Russia Should Trade Crimea For The Dissolution Of NATO

Look, everyone, I am a realist in international relations, so I do not think this fabulous idea stands a chance of happening. But I can’t resist sharing this fabulous idea published in Foreign Affairs:

That doesn’t mean there is nothing the West can offer. The first and most radical option would be to dissolve NATO — a possibility that is overdue for serious consideration — and replace it with a new security bloc. The new group, which might be called the Global Northern Alliance, would bring together all current NATO states, Russia and the members of its Collective Security Treaty Organization, and Japan and South Korea. The bloc would be led by today’s three major military powers: the United States, Russia, and the European Union. Its main task would be to preserve and reinforce peace on the European continent and in the northern hemisphere more broadly. But its greater objective would be to interrupt Russia’s drift toward the rising powers of the developing world, a club that it increasingly aspires to join despite its historical ties to Europe.

For the West to agree to such a reorganization, Russia would have to return Crimea to Ukraine, cease confrontational rhetoric, and abandon its policy of fueling and then exploiting controlled instability near its borders. This decision would be a difficult one for Putin to take, but his desire to include Russia in a group of leading world powers may be too strong to resist. Of course, some portion of Russia’s much vaunted sovereignty may be lost as a result, but the benefits — cementing its position among the major global players — may be worth the costs. And, of course, its oligarchs will welcome Russia’s membership in a club that represents the global financial elite, which has remained one of their key aspirations all along.

Again, I don’t think it’s ever going to happen. The West is way too investing in NATO to dissolve the stupid thing now. But hey, a girl can hope, right?


5 thoughts on “Russia Should Trade Crimea For The Dissolution Of NATO

  1. Fortunately the proposed solution is just a pipe dream and relates more to an alternative reality. But seriously even if it could be implemented, it would be a very bad idea for Russia. Because the result would be just exactly what the West wants, i.e. crush Russia’s independent stance. That was the goal of the West from the beginning of the post Cold War period, because Russia’s position is a major obstacle on the path to the West’s global dominance. The West’s attempts to diminish Russia’s influence by including it in various Western institutions were undertaken first when Yeltsin was in office. This is not what Russia is willing to accept. Mikhail Hazin has put it brilliantly:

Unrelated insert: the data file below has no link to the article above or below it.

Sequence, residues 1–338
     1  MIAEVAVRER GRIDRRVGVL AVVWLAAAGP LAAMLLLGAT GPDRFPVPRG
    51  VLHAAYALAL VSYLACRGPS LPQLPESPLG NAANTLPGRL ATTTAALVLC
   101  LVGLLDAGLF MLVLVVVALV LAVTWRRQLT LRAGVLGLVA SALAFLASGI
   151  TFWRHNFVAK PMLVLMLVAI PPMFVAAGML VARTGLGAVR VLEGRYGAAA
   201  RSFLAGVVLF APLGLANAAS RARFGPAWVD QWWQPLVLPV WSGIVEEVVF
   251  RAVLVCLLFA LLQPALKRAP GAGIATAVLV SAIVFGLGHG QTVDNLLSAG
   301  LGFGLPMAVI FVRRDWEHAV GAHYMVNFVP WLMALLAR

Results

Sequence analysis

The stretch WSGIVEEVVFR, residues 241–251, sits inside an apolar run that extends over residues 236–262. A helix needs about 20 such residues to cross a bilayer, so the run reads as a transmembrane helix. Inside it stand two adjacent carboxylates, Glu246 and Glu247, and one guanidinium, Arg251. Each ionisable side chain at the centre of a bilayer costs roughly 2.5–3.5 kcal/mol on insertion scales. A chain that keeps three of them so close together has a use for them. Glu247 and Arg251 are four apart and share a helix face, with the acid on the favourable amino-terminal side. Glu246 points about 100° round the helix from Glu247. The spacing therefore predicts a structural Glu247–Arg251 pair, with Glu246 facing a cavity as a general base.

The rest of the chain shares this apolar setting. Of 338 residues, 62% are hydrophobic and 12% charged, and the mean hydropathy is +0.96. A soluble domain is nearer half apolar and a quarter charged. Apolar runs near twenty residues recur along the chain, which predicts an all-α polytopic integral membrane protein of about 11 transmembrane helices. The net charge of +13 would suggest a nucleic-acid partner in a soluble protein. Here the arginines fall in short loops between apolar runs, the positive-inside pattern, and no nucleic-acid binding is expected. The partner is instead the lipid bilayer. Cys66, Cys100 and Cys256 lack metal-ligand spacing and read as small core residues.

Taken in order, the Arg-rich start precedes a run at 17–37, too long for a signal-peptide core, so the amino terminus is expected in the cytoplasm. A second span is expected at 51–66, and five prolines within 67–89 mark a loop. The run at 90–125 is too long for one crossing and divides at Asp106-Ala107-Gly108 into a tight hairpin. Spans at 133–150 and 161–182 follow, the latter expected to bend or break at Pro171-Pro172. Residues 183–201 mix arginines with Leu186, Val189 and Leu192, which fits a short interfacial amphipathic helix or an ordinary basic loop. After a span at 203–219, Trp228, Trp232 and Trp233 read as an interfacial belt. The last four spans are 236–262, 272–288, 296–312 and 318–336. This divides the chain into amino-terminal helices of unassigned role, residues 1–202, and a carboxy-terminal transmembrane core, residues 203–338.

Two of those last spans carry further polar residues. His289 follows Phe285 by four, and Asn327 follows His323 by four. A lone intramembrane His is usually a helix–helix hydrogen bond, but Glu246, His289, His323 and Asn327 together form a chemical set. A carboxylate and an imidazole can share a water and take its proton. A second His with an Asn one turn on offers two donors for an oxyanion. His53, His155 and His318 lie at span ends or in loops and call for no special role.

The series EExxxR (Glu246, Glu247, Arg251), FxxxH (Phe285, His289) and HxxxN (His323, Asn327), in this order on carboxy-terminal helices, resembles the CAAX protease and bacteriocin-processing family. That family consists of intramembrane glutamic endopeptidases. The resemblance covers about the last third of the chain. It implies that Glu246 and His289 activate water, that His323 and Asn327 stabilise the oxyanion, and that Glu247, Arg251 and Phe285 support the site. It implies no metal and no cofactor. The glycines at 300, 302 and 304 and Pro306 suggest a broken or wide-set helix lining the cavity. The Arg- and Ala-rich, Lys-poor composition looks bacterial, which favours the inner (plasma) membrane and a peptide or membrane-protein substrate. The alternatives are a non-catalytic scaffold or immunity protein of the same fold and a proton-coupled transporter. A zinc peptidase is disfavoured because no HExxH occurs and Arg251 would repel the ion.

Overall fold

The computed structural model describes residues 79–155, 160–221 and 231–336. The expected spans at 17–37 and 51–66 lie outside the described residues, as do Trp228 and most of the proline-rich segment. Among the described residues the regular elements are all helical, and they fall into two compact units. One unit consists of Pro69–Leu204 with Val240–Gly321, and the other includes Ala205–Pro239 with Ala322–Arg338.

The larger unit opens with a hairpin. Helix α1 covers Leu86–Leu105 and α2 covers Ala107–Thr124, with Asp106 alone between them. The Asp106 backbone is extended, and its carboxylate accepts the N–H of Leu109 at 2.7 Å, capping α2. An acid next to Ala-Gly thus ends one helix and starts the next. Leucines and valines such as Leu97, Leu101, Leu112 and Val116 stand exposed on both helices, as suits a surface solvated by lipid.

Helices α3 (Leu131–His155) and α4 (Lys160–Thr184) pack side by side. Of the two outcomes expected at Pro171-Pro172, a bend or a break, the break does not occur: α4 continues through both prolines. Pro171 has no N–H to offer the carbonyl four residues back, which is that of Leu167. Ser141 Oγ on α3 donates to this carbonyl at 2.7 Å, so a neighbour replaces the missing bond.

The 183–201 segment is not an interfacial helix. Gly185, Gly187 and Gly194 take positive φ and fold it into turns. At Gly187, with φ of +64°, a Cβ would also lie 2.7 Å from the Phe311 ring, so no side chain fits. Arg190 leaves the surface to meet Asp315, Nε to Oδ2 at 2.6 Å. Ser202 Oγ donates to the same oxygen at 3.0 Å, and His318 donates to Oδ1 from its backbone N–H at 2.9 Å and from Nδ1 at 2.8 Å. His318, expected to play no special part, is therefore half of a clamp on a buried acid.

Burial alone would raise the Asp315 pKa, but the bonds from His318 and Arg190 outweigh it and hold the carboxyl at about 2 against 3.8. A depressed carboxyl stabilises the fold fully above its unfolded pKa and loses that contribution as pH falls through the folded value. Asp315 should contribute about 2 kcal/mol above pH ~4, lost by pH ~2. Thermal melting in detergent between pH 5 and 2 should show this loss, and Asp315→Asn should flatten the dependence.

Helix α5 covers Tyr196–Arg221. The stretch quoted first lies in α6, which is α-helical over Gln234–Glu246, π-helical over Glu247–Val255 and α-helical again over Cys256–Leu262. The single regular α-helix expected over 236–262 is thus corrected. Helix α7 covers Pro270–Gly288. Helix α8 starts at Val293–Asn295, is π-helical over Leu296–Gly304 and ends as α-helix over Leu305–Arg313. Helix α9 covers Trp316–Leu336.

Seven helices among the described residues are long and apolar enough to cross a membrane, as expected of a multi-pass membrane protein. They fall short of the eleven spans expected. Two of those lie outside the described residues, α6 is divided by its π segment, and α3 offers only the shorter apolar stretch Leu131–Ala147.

1. I agree it’s a pipe dream, but I’m not sure it would be a terrible idea for Russia. Don’t get me wrong, I am as in favor of Crimea remaining a part of Russia as you are! But I guess what I’m saying is I dislike NATO and am more in favor of getting rid of that institution than I am of Crimea’s integration into Russia, so I would be willing to compromise. 🙂


      1. It would be a wrong idea, because:
        1. NATO in its current form has already become obsolete, i.e. ineffective even for the purpose of global Western domination. Its members are reluctant to fight for the “common cause”.
        2. The goal of NATO to “deter Russia, China et al” by the way has not all disappeared.
        3. Thus NATO is looking for ways to reform itself, perhaps by means of dissolution and resurrection under different name with fewer members and more resolution to pursue its interests.
        4. Taking into account all these circumstances the dissolution of NATO would not increase the world’s and Russia’s security, meanwhile that would be presented as a big consession to Russia. This is just like Obama’s decision not to place elements of the ABM in Poland and Czekh republic and put them on ships instead. That is the threat has not disappeared, it has only taken a different form.
        5. Besides if Russia were included in some Western security organizations it would be bound legally to follow the Western agenda, which is highly unlikely. There is a huge gap in understanding between Russia and the West with regards to practically everything ranging from security to economy. If you listened attentively what Mikhail Khazin said, you saw that any Western institutions had lost credibility in the eyes of the Kremlin, Putin and the Russians in general.


  2. I like the idea of thinking radically to solve international problems peacefully. In that case, nothing is off the table. When it comes to the specifics of asking people and nations to relinquish pet projects, then dissolving NATO is probably very much off the table.

    Just stumbled on your blog and find it very interesting! Keep up the great work.


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